This year marks the 40th anniversary of the death of journalist Ruben Salazar, the first Latino journalist to bring the issues of the Chicano community to mainstream America in the 1960s and ‘70s.
Salazar was the first significant foreign correspondent of Mexican descent, and in 1969 became the first Latino columnist for a major newspaper. Salazar is seen by many as a martyr for the Chicano movement and a popular folk hero in the Mexican American community, but he was first and foremost a journalist who understood the power of the
Salazar was born March 3, 1928, in Juarez, Mexico. He and his family moved across the border to El Paso, Texas, when he was 8 months old. They all became naturalized citizens. After graduating from El Paso High School, Salazar served in the U.S. Army in Germany from 1950 to 1952. He then attended Texas Western College (now known as University of Texas at El Paso) where he majored in journalism.
Salazar was initially interested in becoming a cartoonist but that changed when he was in school and learned of a football game in Texas where the captain of one of the teams was not allowed to play because he was Black. In an editorial printed Nov. 8, 1947, entitled “One American Won’t be There,” Salazar questioned whether in the event of a war whether the U.S. military would refuse to allow the Black player to serve. “How many draft boards would tell Tempe’s football captain: ‘Sorry, but you can’t participate in this war; it is being fought exclusively by whites’? He would have been 19 years old when he wrote that.
Salazar’s first newspaper job was with the El Paso Herald-Post. There he wrote investigative stories on the filthy and uncontrolled conditions of the jail, and the drug trade in El Paso. In the mid-1950s, Salazar moved to the Santa Rosa Press Democrat and then to the San Francisco News. He then moved to Southern California where he worked for the Los Angeles Herald-Express, and then, in 1959, joined the Los Angeles Times.
At The Times, Salazar began writing about Mexican-American political and social issues and on the U.S.-Mexico border. In 1965, Salazar got his first foreign reporting assignment to cover the U.S. military intervention in the Dominican Republican, and then later that year was sent to cover the Vietnam War. In the fall of 1966, Salazar left Vietnam and became bureau chief in Mexico City. He returned to Los Angeles at the beginning of 1969 to again cover the Mexican American community, which by now had become more militant.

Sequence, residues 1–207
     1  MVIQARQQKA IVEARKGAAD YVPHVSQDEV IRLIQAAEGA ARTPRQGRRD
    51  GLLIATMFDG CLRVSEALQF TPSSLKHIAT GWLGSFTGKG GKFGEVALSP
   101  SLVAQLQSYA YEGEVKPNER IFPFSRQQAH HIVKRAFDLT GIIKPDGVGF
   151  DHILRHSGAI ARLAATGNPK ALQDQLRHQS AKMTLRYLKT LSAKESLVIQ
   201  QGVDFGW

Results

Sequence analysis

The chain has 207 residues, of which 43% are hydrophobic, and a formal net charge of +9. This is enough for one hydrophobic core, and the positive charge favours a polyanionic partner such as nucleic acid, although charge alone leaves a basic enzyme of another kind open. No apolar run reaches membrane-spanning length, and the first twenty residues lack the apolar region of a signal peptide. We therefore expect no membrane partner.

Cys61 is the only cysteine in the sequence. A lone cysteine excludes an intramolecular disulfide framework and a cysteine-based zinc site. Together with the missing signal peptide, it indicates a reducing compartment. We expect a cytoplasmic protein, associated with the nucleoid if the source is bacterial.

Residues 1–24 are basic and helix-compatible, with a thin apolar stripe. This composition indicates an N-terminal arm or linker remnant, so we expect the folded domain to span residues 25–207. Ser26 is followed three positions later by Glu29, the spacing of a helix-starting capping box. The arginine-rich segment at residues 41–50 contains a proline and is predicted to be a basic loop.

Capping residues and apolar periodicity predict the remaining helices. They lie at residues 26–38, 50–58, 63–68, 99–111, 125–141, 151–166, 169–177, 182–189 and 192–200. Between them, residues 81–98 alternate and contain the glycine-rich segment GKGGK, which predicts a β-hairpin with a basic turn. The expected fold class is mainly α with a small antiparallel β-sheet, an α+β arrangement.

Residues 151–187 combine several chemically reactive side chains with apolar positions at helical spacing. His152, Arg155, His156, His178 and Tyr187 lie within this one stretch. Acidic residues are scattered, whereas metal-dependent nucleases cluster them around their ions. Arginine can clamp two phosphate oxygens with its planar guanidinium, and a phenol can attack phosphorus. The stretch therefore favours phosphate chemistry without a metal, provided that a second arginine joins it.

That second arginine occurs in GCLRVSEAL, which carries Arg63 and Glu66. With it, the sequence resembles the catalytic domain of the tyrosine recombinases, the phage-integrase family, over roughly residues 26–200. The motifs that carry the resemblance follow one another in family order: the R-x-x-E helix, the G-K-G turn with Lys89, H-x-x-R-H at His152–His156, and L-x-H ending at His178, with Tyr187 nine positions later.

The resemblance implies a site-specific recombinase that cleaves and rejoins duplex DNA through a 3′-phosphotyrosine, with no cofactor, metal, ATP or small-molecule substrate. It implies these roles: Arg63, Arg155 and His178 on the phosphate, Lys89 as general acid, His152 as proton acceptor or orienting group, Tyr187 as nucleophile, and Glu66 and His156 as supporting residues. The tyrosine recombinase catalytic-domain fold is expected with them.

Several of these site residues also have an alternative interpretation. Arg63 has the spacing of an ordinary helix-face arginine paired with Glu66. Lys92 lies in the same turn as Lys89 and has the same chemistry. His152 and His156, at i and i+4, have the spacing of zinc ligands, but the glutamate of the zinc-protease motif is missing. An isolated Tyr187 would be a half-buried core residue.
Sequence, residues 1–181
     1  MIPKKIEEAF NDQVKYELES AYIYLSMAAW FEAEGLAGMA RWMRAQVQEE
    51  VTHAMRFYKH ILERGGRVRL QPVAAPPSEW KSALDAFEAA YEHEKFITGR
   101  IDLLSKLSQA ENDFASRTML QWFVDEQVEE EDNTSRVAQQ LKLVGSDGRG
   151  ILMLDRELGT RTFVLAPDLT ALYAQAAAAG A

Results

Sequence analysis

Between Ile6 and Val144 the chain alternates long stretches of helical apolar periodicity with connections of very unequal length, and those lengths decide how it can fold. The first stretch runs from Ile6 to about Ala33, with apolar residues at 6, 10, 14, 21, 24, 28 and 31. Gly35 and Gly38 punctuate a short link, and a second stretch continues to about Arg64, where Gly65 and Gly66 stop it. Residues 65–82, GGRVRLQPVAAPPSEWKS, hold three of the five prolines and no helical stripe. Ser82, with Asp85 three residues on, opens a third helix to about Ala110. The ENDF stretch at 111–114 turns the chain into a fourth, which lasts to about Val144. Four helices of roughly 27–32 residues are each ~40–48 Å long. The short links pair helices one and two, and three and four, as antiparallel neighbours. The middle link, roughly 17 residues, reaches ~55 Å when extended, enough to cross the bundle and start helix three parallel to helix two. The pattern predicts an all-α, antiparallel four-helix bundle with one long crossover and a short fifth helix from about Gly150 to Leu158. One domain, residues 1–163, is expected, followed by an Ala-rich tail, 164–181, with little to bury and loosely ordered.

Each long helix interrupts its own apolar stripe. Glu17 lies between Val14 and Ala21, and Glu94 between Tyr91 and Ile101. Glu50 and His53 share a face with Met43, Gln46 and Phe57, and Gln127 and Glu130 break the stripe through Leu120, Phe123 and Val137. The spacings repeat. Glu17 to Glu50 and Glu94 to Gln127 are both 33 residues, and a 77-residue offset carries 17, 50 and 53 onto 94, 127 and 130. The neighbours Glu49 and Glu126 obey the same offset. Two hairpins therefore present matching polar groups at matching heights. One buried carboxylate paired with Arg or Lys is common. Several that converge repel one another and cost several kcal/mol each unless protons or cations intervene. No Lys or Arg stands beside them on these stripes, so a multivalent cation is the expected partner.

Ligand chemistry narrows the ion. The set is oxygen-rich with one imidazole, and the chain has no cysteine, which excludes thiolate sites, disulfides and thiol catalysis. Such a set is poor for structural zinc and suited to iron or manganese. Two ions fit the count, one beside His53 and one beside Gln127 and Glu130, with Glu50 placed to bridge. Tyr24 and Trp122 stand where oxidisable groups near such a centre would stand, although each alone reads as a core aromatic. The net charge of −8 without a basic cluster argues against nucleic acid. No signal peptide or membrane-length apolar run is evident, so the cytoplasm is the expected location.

The Times wanted Salazar to explain Chicanos to Anglos and Anglos to Chicanos. But as the only Chicano reporter at The Times, and one of only a handful of Latinos working in mainstream media at the time, Salazar fought to avoid the mundane to focus on more serious issues facing the Chicano community. He told Newsweek magazine that his editors kept asking for stories explaining Chicanos to white people, but Salazar responded, “When you’ve been a reporter this long, you go for more significant, hard-hitting stuff than telling why people eat enchiladas.”
In April 1970, Salazar left The Times to become news director of KMEX-TV, the then-fledgling Spanish-language TV station in Los Angeles. Not wanting to completely sever their ties with Salazar, The Times made him a weekly columnist for the paper. At KMEX, Salazar produced stories on police abuse in the Chicano community and wrote columns for The Times that were critical of the police. Salazar told friends at the time that he had been threatened by the police and sheriff’s department for “stirring up the Mexicans” and that he felt he was being followed by law enforcement.
On Aug. 29, 1970, Salazar covered the anti-Vietnam War Chicano Moratorium March in East Los Angeles. The march became violent after sheriff’s deputies tried to end the rally by going after protestors and dispersing tear gas. Salazar stepped into the Silver Dollar Café on Whittier Boulevard to momentarily escape the goings-on. While Salazar was inside the bar, a sheriff’s deputy knelt on the street in front of the bar and fired a 10-inch tear gas projectile through its curtained door. Several hours later, Salazar’s body was found inside dead after being struck by the projectile.
Salazar was 42. He left a wife and three young children. An inquest into the shooting found that Salazar died “at the hands of another,” but no criminal charges were ever filed against the deputy who fired the deadly shot or the sheriff’s department. The Justice Department also refused to investigate Salazar’s death.
Forty years later there are still a lot of unanswered questions, in part because the Los Angeles Sheriff’s Department continues to refuse to make public eight boxes of records related to the shooting.
In 2001, CCNMA established the Ruben Salazar Journalism Awards to recognize stories that demonstrate journalism excellence while contributing to a better understanding of California’s Latino communities.
Salazar proved that a journalist can be an advocate for empowering a community while still maintaining journalistic integrity. As the Los Angeles Times eulogized him, Salazar was “sometimes an angry man as he observed the inequities around him, yet he spoke with a calm vigor that made his words all the more impressive and influential.”